Defense opens in homosexual case

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Philip Mubiana and James Mwape of Kapiri Mposhi district.
Philip Mubiana and James Mwape of Kapiri Mposhi district.

The case in which two Kapiri Mposhi men were put on their defense for practicing homosexuality has resumed in the magistrate court.

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James Mwape and Philip Mubiana were found with a case to answer and put on their defense by Kabwe Principle Resident Magistrate, John Mbuzi last week.

Mwape, a bricklayer and Mubiana a hair dresser both aged 21 and residents of Soweto compound are charged with committing unnatural offences contrary to section 155 (a) and (c) of the penal code chapter 87 of the laws of Zambia as read with amended Act number 15 of 2005.

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The defence called its first witness today, a sexual assault forensic expert who testified that it was unethical for a medical practitioner to conduct physical examination on a patient without obtaining their written consent.

Dr. Lalick Banda, a Medical Doctor from the University Teaching Hospital (UTH), said medical practitioners are compelled to obtain written consent and refer to relevant guidelines before attending to patients involved in sexual assault cases.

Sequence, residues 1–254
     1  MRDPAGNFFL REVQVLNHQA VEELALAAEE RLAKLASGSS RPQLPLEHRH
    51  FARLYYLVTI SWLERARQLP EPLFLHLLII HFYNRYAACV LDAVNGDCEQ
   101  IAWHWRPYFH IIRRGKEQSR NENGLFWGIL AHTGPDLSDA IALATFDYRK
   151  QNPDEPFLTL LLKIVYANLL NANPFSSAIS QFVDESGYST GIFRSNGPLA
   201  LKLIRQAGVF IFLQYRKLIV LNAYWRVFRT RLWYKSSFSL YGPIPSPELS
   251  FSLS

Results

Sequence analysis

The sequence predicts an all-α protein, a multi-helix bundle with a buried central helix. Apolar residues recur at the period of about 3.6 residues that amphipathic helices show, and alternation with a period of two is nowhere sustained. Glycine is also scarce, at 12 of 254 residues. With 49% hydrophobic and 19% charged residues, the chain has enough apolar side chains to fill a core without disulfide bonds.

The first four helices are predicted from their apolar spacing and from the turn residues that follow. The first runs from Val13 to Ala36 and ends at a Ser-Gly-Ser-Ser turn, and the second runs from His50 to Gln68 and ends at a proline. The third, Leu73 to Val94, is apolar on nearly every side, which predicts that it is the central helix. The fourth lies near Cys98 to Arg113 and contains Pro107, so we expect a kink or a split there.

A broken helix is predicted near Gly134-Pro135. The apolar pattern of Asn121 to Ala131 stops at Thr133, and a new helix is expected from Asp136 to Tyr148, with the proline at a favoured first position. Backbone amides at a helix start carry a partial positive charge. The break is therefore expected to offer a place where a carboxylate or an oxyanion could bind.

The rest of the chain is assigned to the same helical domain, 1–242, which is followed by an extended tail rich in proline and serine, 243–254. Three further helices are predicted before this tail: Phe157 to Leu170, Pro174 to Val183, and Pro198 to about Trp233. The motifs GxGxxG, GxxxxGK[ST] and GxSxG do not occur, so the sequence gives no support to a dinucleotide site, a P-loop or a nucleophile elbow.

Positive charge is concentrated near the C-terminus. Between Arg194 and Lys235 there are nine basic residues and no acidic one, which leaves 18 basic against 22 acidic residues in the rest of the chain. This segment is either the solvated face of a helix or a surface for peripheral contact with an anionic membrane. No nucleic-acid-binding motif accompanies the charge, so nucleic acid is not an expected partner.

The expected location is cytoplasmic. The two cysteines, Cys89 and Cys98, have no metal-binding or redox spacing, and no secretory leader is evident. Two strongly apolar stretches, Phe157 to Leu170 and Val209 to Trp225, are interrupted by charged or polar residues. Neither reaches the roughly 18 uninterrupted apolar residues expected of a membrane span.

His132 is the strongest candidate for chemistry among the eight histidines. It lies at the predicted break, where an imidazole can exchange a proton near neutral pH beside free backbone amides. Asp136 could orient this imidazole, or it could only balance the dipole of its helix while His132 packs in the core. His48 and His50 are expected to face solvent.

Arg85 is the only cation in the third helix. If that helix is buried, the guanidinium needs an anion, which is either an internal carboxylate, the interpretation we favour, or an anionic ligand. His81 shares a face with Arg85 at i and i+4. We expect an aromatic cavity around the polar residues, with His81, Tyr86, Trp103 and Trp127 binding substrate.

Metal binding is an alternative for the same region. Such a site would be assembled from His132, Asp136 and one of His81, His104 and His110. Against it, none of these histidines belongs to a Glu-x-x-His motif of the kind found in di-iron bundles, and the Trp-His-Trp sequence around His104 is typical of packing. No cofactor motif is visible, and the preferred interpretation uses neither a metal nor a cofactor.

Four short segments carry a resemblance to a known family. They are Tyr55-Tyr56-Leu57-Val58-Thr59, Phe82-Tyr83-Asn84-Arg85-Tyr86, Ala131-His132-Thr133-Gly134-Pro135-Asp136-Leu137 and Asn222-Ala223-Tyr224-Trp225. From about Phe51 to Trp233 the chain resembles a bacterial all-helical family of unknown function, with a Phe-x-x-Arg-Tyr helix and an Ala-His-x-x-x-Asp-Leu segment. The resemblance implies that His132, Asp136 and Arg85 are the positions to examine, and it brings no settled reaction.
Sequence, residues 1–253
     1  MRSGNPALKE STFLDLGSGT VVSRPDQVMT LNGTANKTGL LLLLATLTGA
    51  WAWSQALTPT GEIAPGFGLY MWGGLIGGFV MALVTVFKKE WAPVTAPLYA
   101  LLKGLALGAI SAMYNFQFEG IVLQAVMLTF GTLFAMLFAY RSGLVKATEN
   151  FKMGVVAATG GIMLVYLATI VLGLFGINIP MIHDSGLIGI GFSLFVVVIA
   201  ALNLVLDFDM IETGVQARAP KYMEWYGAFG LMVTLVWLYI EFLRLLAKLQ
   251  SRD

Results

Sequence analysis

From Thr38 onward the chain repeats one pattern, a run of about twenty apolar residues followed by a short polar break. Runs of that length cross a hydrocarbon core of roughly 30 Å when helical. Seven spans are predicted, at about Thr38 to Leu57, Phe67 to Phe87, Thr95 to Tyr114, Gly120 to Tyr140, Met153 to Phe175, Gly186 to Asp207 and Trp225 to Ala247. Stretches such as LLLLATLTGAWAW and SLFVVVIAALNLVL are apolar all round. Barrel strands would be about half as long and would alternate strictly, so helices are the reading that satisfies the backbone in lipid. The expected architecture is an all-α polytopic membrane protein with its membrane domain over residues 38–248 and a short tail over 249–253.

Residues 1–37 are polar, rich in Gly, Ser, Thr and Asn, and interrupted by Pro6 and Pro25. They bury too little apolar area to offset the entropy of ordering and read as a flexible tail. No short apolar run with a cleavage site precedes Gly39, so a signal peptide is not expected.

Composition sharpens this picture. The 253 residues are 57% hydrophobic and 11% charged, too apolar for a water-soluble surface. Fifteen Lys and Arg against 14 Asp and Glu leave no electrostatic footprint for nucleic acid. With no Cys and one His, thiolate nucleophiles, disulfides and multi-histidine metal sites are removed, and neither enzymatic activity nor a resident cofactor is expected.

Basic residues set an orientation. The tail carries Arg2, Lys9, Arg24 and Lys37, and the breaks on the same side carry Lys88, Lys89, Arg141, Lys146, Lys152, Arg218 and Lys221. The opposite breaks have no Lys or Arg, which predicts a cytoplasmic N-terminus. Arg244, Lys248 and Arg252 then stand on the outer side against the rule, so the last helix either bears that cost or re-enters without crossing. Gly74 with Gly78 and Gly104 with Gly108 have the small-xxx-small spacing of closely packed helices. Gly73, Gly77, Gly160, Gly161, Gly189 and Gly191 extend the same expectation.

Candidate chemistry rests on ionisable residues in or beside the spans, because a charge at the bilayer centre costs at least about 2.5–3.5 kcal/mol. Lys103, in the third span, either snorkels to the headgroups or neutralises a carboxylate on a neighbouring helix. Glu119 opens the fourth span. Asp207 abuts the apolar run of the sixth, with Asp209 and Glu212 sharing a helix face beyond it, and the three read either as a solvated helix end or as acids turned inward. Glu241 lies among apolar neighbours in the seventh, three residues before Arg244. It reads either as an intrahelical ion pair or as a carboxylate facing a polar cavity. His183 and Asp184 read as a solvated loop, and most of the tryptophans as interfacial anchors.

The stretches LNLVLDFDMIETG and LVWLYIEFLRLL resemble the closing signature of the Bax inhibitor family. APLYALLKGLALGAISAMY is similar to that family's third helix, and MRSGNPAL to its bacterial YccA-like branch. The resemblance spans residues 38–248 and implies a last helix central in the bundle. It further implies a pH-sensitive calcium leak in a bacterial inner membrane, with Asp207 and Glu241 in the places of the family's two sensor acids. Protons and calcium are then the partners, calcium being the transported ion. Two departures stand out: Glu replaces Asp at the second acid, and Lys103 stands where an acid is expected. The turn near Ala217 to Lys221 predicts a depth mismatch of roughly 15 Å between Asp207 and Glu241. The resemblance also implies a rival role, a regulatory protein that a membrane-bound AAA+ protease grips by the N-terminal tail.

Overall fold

Dr. Banda who is also leader of the Medical Team sitting on the Multi Disciplinary Team for Review of Sexual Assault in Zambia testified that persons to undergo sexual assault forensic examination need also to be informed by the examiner about the process and the purpose of the examination.

He told the court that only expertly trained medical practitioners are permitted to conduct forensic and physical examinations on patients of sexual assault.

Dr Banda testified that a person holding a Medical Licentiate qualification was not competent to give expert evidence in the matter before court and does not qualify to conduct forensic investigations on patients of sexual assault.

Dr. Banda who informed the court that he had handled over 3000 cases including male-to-male sexual offences that required sexual assault forensic examinations in his eight year career at the UTH said there were sufficient guidelines in Zambia that govern handing of sexual offences.

He referred to the National Guidelines for the Multi-Disciplinary Management of Survivors of Gender Based Violence in Zambia issued in 2011 which tabulates the procedure to be followed by medical practitioners and police officers when handling sexual assault cases.

“It is unethical for a medical examiner or a police officer not to follow the guidelines on how to handle sexual assaults when obtaining evidence …. Written informed consent should be obtained from the person to be examined because examinations can be very uncomfortable to anyone and if someone has not consented in written the examination should not be carried out,” Dr. Banda said.

And Dr. Banda told the court that forensic DNA examination was relevant to the process of proving the involvement of a person in sexual assault offences.

“DNA is very relevant in sexual assault forensic examination… DNA samples through blood, urine swabs and spermatozoa can last for more than 10 years if well kept and can provide evidence of a person’s involvement in a sexual assault case”, Dr. Banda said.

Meanwhile, Magistrate Mbuzi has adjourned the case to 26 March 2014 for cross examination and continuation of defense.

The duo is being represented by Sunday Nkonde of SNB Legal Practitioners of Lusaka.

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